Author(s): Murphey DK, Buescher ES
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Abstract An animal model was used to examine the effect of human colostrum on an acute inflammatory process in vivo. Subcutaneous air pouches on the backs of outbred rats were injected with carrageenan as an inflammatory challenge, normal saline, pooled aqueous human colostrum, or carrageenan plus colostrum concurrently. Oral dexamethasone or indomethacin was administered to some animals before and during challenge as anti-inflammatory agents. Polymorphonuclear leukocyte (PMN) counts in pouch fluid were determined 6 h postchallenge. Carrageenan challenge resulted in a significant acute inflammatory response [48.8 +/- 4.9 x 10(6) PMN/pouch (mean +/- SEM, n = 46)] compared with normal saline controls [0.9 +/- 0.2 x 10(6) (n = 31, p < 0.001 versus carrageenan)] or with colostrum [4.3 +/- 0.8 x 10(6) PMN/pouch (n = 11, p < 0.001 versus carrageenan)]. The concurrent injection of colostrum plus carrageenan challenge significantly reduced the PMN response compared with carrageenan alone [18.8 +/- 2.9 versus 48.8 +/- 4.9 x 10(6) PMN/pouch (carrageenan plus colostrum versus carrageenan, n = 41 versus 46, p < 0.001)]. This degree of suppression of PMN influx was not significantly different from that seen with indomethacin treatment but was significantly more than that seen with dexamethasone treatment. The decreases in PMN counts observed most likely reflect suppression of the acute inflammatory response because a significant amount of PMN lysis in colostrum was not observed in vitro and the accumulation of PMN granule contents was not seen in pouch fluid from colostrum-treated animals in vivo. These data directly demonstrate for the first time that human colostrum has a biologically significant effect on the inflammatory process in vivo.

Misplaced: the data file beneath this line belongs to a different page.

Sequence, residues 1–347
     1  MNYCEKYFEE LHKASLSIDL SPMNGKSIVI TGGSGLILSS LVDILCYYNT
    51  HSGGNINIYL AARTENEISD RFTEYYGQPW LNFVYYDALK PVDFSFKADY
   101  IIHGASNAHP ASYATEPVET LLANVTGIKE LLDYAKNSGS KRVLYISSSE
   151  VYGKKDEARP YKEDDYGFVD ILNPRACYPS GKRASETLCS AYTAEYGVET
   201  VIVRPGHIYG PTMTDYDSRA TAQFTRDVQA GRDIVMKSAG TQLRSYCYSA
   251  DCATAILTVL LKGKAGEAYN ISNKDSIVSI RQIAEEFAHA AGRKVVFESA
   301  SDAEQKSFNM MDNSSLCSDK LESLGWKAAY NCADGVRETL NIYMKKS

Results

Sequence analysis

This article was published in Pediatr Res
and referenced in International Journal of Inflammation, Cancer and Integrative Therapy